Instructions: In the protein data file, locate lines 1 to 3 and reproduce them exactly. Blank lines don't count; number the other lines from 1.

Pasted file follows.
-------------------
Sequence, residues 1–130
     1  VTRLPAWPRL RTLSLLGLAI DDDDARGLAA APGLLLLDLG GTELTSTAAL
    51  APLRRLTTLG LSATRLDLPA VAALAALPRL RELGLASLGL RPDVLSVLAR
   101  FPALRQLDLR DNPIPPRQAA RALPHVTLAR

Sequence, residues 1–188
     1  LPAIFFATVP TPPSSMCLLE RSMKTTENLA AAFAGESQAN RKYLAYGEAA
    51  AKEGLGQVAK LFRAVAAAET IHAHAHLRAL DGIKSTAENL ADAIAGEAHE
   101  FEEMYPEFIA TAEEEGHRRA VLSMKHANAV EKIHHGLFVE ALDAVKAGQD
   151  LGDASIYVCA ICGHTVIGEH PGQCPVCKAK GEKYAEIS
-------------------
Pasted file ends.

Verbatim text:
Sequence, residues 1–130
     1  VTRLPAWPRL RTLSLLGLAI DDDDARGLAA APGLLLLDLG GTELTSTAAL
    51  APLRRLTTLG LSATRLDLPA VAALAALPRL RELGLASLGL RPDVLSVLAR